Renewable energy groups this week launched legal action against the Mexican government over regulatory changes that local wind and solar bodies said “destroy” project values and undermine confidence, with an impact on $9bn of investments.
The generators – which include global giants Enel and EDF, according to Bloomberg – are up in arms over proposed changes to rules for granting the tradable Clean Energy Certificates (CELs) that power users buy to help meet renewable share mandates. EDF has been contacted by Recharge for comment. Enel declined to comment.
Mexican energy ministry Sener recently unveiled plans to widen the eligible base of projects from new generation projects to legacy plants, including hydro and nuclear facilities, said a joint statement from wind association Amdee and solar body AsolMex.
Critics fear widening the pool for CELs would send the value of the certificates plunging, retroactively undermining the economics of projects.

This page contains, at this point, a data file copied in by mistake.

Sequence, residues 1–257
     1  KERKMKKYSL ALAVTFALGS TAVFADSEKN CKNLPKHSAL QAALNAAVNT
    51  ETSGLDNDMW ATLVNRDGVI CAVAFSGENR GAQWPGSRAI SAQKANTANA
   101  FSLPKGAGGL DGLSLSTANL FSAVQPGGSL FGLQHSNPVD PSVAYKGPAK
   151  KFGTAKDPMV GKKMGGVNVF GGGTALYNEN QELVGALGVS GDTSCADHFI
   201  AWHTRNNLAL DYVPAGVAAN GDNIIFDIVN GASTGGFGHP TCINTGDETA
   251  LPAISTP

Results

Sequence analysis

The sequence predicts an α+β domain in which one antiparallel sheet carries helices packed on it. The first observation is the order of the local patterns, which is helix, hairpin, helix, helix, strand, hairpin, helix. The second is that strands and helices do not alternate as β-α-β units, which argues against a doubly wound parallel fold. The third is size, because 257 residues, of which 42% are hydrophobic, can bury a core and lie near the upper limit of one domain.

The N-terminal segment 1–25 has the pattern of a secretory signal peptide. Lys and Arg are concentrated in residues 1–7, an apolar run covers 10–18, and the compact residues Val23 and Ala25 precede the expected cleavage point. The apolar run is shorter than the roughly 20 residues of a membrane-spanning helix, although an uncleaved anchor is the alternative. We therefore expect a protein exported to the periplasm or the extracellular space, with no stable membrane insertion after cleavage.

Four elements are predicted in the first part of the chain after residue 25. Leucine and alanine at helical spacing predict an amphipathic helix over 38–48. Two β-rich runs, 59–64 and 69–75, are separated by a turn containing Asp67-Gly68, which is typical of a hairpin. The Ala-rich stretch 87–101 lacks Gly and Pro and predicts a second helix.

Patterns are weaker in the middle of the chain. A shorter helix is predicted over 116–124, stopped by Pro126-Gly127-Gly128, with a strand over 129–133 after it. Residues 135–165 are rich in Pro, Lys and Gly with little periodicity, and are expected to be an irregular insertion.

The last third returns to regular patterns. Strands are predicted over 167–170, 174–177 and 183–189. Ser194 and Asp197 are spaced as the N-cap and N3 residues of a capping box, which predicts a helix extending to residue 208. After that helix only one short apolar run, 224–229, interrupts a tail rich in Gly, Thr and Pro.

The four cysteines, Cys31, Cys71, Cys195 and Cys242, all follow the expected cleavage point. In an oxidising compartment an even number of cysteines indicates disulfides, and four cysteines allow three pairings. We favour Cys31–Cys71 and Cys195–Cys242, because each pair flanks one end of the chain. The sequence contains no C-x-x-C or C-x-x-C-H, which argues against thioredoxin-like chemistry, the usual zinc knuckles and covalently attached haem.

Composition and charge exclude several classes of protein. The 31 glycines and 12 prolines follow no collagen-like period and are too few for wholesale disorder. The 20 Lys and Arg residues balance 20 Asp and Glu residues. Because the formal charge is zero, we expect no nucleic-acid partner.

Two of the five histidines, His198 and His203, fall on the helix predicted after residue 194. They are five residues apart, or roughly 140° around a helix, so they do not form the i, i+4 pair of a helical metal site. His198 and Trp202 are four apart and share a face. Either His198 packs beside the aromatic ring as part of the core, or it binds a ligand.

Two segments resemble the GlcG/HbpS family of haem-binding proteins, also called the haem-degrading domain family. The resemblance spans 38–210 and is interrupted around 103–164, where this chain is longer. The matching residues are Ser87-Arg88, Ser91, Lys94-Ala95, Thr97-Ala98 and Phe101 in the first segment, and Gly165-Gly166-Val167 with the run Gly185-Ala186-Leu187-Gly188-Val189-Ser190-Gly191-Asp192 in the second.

The industry bodies said the generators, which are not identified in its statement, have lodged injunctions against the changes to CELs, which they described as “the main mechanism for Mexico to achieve its national and international goals for clean electricity generation and to meet the obligations of climate change mitigation”.
They claimed the move would also threaten the spectacular price falls that drove Mexican renewable power below $21/MWh.
Mexico’s previously buoyant renewable energy sector has been in turmoil since without any warning, centre-left president André Manuel Lopez Obrador (AMLO), scrapped government tenders soon after taking power in late 2018.
The move came despite the success of a rolling series of tenders which had contracted 7GW of solar and wind at steadily declining prices.